phone spoofing

Phone spoofing scammers use simple software to disguise their calls as local numbers. (CBC News)

Phone scammers are using software to mask their real identities by displaying a fake telephone number.

The trick is called 'phone spoofing.' It's a tool used by fraudsters to mislead people into thinking the call is from a reputable business or person. 

'They do not quit. It's about driving me to the brink of sanity,' - Mike Boychuk

Sometimes the number the scammer uses already belongs to a real person. 

Mike Boychuk, a real estate agent in Saskatoon, has been a victim of phone spoofing.

It all began last year when Boychuk started getting suspicious calls with the Saskatchewan 306 area code coming through on his work cell phone, personal cell phone and home number. When he would answer, an automated voice would inform him he had won a cruise or offer an exclusive deal on air miles.

"I'd get a call from a local —what appeared to be — cell phone," Boychuk said.

mike boychuk

Mike Boychuk, a Saskatoon-based real estate agent, is a victim of phone spoofing. (Mikeboychuk.ca)

​Boychuk told CBC News he tried to ignore the calls, but a couple days after the calls started, regular people started calling him.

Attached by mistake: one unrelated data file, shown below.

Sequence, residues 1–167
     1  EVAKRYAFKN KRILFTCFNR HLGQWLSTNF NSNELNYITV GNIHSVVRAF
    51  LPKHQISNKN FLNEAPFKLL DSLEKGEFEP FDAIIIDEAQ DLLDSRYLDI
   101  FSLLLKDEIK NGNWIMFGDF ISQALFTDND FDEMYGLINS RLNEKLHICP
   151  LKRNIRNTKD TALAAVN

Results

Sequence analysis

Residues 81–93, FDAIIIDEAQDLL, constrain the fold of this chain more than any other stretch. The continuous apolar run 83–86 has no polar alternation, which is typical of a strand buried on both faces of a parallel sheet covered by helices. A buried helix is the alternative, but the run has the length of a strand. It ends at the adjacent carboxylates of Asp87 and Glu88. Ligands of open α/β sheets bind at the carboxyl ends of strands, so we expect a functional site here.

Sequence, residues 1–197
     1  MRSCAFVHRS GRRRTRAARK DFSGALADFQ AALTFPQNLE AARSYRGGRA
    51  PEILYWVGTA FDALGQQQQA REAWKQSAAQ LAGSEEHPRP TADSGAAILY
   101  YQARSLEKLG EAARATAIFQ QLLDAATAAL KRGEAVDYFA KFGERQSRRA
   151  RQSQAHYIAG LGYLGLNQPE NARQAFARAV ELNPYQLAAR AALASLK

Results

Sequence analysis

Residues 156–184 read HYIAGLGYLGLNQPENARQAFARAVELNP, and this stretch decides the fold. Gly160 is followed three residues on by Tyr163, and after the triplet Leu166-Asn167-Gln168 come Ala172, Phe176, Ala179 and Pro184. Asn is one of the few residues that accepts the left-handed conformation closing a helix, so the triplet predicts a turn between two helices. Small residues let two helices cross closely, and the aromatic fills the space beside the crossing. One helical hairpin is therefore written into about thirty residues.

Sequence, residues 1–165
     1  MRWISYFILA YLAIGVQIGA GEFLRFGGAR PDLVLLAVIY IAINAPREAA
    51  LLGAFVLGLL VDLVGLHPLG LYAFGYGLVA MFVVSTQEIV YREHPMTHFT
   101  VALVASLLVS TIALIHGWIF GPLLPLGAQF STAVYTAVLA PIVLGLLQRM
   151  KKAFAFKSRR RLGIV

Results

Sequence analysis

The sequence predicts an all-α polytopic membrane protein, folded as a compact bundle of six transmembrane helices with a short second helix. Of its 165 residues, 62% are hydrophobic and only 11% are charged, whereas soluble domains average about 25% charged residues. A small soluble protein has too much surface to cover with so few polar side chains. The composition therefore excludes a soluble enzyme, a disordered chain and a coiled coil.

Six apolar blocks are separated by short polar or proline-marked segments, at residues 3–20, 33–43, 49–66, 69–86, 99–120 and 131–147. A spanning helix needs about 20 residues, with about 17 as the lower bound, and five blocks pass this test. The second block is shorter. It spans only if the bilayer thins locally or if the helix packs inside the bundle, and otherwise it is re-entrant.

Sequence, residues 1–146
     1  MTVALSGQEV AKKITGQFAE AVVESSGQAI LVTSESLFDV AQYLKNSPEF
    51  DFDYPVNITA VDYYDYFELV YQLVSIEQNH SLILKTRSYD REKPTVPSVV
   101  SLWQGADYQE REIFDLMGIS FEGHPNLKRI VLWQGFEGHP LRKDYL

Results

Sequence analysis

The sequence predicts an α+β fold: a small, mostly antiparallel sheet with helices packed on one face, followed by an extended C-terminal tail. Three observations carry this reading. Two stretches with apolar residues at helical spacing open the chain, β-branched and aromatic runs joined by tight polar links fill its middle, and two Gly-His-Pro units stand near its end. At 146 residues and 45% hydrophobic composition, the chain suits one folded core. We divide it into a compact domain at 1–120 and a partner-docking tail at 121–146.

"I started getting people phoning me... they'd say 'I'm just calling you back', and I'd say 'who is this?'" Boychuk said. "I thought it was really strange because I hadn't made any calls."

After these sorts of calls persisted, Boychuk contacted his cell phone carrier, Telus Mobility.

Boychuk said Telus told him he was a victim of phone spoofing and assured him that the scammers usually used a particular number for only one or two weeks before they'd move on to another.

Chris Gerritsen, a spokesperson for Telus Mobility, told CBC News it is difficult for the company to actually help its customers who are repeatedly victims of the popular phone scam.

"It's very, very difficult to trace," Gerritsen said. "These spoofing applications are software that an individual loads onto their computer to use...it can't really be discerned which company is providing the spoofing service."

Telus Mobility said it is concerned about phone spoofing and has asked its customers to take precautionary measures against the scam.

"Don't give out your cell number to anyone other than those you trust," Gerritsen said.

However, precautionary measures won't help people like Boychuk. He said the calls still come on a regular basis.

"They do not quit ... It's about driving me to the brink of sanity because they call every number I have, my two cell phone numbers and my home number, maybe, at least twice a week," Boychuk said.

Canada's Anti Fraud Centre said victims of phone spoofing should immediately call their phone company when they realize what is happening.

"Your telephone or internet service provider may have the ability to determine the true IP address or telephone number but they must be informed quickly before this information is overwritten on their database," Canada's Anti Fraud Centre explains on its website.